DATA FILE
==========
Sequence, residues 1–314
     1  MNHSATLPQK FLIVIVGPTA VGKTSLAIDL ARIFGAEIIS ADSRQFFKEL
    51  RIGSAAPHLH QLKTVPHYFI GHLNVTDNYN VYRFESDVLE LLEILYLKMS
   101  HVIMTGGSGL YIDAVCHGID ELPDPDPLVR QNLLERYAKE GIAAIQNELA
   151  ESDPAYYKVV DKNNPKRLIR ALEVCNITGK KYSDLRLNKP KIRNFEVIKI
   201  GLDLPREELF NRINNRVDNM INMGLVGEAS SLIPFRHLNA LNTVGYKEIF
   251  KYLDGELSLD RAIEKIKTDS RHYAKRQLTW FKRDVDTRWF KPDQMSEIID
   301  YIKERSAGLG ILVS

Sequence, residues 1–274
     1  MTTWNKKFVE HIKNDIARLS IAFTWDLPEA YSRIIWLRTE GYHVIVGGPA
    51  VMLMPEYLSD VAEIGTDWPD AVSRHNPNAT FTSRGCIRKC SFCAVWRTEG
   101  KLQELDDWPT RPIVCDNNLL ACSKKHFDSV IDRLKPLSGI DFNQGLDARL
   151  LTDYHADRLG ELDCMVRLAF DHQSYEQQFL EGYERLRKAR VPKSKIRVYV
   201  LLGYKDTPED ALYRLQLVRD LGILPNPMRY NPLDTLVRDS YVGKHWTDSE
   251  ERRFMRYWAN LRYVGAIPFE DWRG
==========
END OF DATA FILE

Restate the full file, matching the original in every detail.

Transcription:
Sequence, residues 1–314
     1  MNHSATLPQK FLIVIVGPTA VGKTSLAIDL ARIFGAEIIS ADSRQFFKEL
    51  RIGSAAPHLH QLKTVPHYFI GHLNVTDNYN VYRFESDVLE LLEILYLKMS
   101  HVIMTGGSGL YIDAVCHGID ELPDPDPLVR QNLLERYAKE GIAAIQNELA
   151  ESDPAYYKVV DKNNPKRLIR ALEVCNITGK KYSDLRLNKP KIRNFEVIKI
   201  GLDLPREELF NRINNRVDNM INMGLVGEAS SLIPFRHLNA LNTVGYKEIF
   251  KYLDGELSLD RAIEKIKTDS RHYAKRQLTW FKRDVDTRWF KPDQMSEIID
   301  YIKERSAGLG ILVS

Sequence, residues 1–274
     1  MTTWNKKFVE HIKNDIARLS IAFTWDLPEA YSRIIWLRTE GYHVIVGGPA
    51  VMLMPEYLSD VAEIGTDWPD AVSRHNPNAT FTSRGCIRKC SFCAVWRTEG
   101  KLQELDDWPT RPIVCDNNLL ACSKKHFDSV IDRLKPLSGI DFNQGLDARL
   151  LTDYHADRLG ELDCMVRLAF DHQSYEQQFL EGYERLRKAR VPKSKIRVYV
   201  LLGYKDTPED ALYRLQLVRD LGILPNPMRY NPLDTLVRDS YVGKHWTDSE
   251  ERRFMRYWAN LRYVGAIPFE DWRG